D. negative punishment. – Negative punishment would be the removal of something (usually a pleasant event or stimulus) that serves to decrease the frequency of a behavior. Positive punishment, answer choice C, is the correct answer.

Operant conditioning, as well as classical conditioning, are frequently tested on the MCAT. They are worth a review if you are not yet comfortable with the topics. See the images associated with question 15 for visual representations.

20) To answer this question, we will need a working definition of institutional discrimination: institutional discrimination is the discrimation of members of a particular group via the policies, objectives and procedures of institutions such as governments, police, religion and educational institutions.

A. Discrimination is not systematic, except when observed within institutions. – This is incorrect; both individual and institutional discrimination can be systematic and non-random.

B. If they have a history of unfair treatment, institutions are labeled as discriminatory. – A history of unfair treatment is a bit too general for this question and does not mean that the institution continues to be discriminatory. This answer choice also fails to differentiate between individual and institutional discrimination which is important for distinguishing which might be at play.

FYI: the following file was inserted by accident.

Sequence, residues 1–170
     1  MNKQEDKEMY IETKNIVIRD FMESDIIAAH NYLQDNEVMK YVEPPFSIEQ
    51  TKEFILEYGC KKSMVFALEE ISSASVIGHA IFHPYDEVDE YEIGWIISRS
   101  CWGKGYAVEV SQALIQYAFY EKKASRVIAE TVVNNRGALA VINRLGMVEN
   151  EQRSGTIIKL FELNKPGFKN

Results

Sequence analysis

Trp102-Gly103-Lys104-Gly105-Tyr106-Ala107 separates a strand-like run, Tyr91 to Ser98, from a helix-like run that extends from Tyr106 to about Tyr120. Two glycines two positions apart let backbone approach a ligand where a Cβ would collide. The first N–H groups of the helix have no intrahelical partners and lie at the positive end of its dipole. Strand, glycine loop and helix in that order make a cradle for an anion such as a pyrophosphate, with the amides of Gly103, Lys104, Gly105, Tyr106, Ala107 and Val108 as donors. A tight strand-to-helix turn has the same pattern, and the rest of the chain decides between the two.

C. When several individuals exhibit prejudiced attitudes within an institution, then that institution will also be discriminatory. – Prejudice is an attitude while discrimination is a behavior. Prejudice can lead to discrimination, but we should not mistake the two as interchangable.

D. As opposed to discriminatory acts committed by individuals, there are institutional policies that disadvantage certain groups and favor others. – This is a much better classification of institutional discrimination, takes into account the difference between individual and institutional discrimination, and notes the policies that may be at play within institutional discrimination. This is the correct answer.